Childcare providers protest in Dublin over funding

Childcare workers protesting outside Ireland’s parliament say they have been “ignored” for funding at a time when costs are rising because of inflation.

Representatives from Early Childhood Care and Education (ECCE) and daycare services in Dublin came out to clarify their opposition to fee limits.

According to a leader in the sector, many services are facing “real financial difficulty” due to high inflation and historically low funding.

Some parents, grandparents and children along with childcare providers were in protest on Wednesday.

Several TDs, including the Minister for Children, Equality, Disability, Integration and Youth, Roderick O’Gorman, went out to meet the protesters.

The government is looking at options to reduce the cost of childcare, including examining whether to increase the number of free hours available under the ECCE scheme.

It offers free pre-school childcare for children over the age of two years and eight months, three hours a day, five days a week in the school year.

But ECCE providers argue that they cannot charge last year’s 2.2% inflation rate, given that inflation has now gone far beyond this figure.

The Federation of Early Childhood Providers (FECP) said recent research among pre-school providers indicated that 260 may have to close their doors next autumn.

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Childcare providers said they feel they are overlooked when it comes to funding (Niel Carson/PA)

Ellen Dunne, the organization’s president, said: “ECCE services represent a third of all childcare providers and were a vulnerable area even before COVID.

“Now, in the context of inflation, historically low funding, staffing and regulatory pressure, many services are in real financial difficulty.”

He said that the government should now take action to stop the bandh.

She said: “Service closures are not easily reversed, so the government now needs to engage on the problem, and recognize the research and analysis (1,100 childcare providers participated in our recent survey) in support of a sustainable childcare sector. Gave.”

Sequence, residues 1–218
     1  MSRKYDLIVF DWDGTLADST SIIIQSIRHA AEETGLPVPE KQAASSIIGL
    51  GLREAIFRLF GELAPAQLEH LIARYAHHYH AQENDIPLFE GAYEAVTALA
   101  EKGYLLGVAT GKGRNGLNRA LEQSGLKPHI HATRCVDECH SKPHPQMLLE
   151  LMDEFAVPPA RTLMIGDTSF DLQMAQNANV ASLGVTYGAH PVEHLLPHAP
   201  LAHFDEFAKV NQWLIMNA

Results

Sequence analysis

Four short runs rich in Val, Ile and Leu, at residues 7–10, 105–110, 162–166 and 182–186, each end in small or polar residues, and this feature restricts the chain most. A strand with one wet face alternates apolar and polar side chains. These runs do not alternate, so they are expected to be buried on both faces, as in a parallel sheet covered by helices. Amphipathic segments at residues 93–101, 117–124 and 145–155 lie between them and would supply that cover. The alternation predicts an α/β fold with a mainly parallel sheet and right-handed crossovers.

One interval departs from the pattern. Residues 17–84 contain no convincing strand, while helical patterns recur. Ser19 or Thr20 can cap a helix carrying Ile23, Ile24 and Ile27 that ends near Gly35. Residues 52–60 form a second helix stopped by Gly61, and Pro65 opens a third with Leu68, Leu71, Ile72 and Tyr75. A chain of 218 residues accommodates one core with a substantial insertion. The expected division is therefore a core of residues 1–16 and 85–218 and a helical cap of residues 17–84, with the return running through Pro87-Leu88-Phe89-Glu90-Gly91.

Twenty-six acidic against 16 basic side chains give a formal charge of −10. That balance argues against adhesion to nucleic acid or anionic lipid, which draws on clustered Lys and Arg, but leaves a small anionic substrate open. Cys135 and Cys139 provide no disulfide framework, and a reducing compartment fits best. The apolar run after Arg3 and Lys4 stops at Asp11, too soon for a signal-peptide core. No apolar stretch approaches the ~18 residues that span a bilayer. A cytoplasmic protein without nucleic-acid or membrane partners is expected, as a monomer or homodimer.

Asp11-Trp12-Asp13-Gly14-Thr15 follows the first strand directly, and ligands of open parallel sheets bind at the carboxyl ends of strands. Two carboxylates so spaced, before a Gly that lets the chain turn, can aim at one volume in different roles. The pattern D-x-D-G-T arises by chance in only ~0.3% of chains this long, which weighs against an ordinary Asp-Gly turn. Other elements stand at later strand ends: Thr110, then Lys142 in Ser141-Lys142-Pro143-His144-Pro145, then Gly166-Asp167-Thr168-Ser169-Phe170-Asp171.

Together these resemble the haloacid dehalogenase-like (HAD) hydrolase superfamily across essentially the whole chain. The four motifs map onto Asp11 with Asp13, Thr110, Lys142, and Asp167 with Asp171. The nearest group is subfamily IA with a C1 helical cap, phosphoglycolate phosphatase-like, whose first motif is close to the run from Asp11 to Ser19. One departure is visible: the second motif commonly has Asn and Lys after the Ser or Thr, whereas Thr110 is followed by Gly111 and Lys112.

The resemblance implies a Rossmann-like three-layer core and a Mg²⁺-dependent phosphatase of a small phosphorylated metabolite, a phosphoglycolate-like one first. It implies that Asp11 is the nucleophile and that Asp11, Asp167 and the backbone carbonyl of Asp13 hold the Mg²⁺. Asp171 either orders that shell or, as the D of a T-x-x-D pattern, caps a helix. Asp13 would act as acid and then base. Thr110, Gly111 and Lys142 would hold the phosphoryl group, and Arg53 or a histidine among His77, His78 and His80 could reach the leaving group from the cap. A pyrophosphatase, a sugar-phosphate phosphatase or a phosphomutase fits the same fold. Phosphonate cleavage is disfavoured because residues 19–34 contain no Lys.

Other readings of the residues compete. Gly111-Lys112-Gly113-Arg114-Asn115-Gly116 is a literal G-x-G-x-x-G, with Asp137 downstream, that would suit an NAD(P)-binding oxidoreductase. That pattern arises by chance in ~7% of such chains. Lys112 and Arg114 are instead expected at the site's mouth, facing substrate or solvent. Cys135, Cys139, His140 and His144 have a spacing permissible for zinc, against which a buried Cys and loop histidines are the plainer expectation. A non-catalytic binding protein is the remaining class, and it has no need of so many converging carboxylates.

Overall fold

Childcare services were “ignored” when it comes to funding, one protester said, despite inflation affecting their cost.

Carolyn Sally told the PA news agency: “We’ve taken the time to be here today for proper core funding.

“Many ECCE services have been overlooked in funding.”

She said: “Our fees are also rising, inflation is affecting us too, but we have been overlooked in core funding, so I am here today for fair core funding.”

Among the measures being called by the protesters is a 100 euro per child subsidy on the ECCE scheme, which they say is needed “to cover the actual cost of what is currently subsidized by the childcare owner”.

Before the protest, Taniste Leo Varadkar said the government wanted to “significantly reduce” childcare fees for parents as well as address rising costs for those working in the sector.

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Taniste Leo Varadkar said the government wants to see childcare fees significantly lower for parents (Damien Storan/PA)

Mr Varadkar told RTE’s Morning Ireland programme: “What we have done in recent years is a lot of additional state funding and state investment in childcare and early childhood education, especially during the pandemic period.

“What we want are three things. High standard for kids. Yes, terms and conditions of better pay for employees. We have something called an Employers Regulation Order that’s being negotiated at the moment, which will do that.

“And then especially next year or even this year if possible, but maybe next year: much lower fees for parents.”

He suggested that most of the extra money in next year’s budget would go to parents to reduce fees and the cost of living for those parents in return, and possibly through subsidies rather than tax breaks.

I want to say to people who work in the childcare sector: You know, we accept that you are also facing rising costsLeo Varadkari

But he also acknowledged the rising costs facing childcare staff.

Mr. Varadkar said: “I want to say to people who work in the childcare sector: You know, we accept that you are also facing rising costs. Whether it is rising labor costs, the cost of heating a crche. The cost of energy will be increasing and so will the electricity.

Some additional funding will have to go to help meet those costs, he said.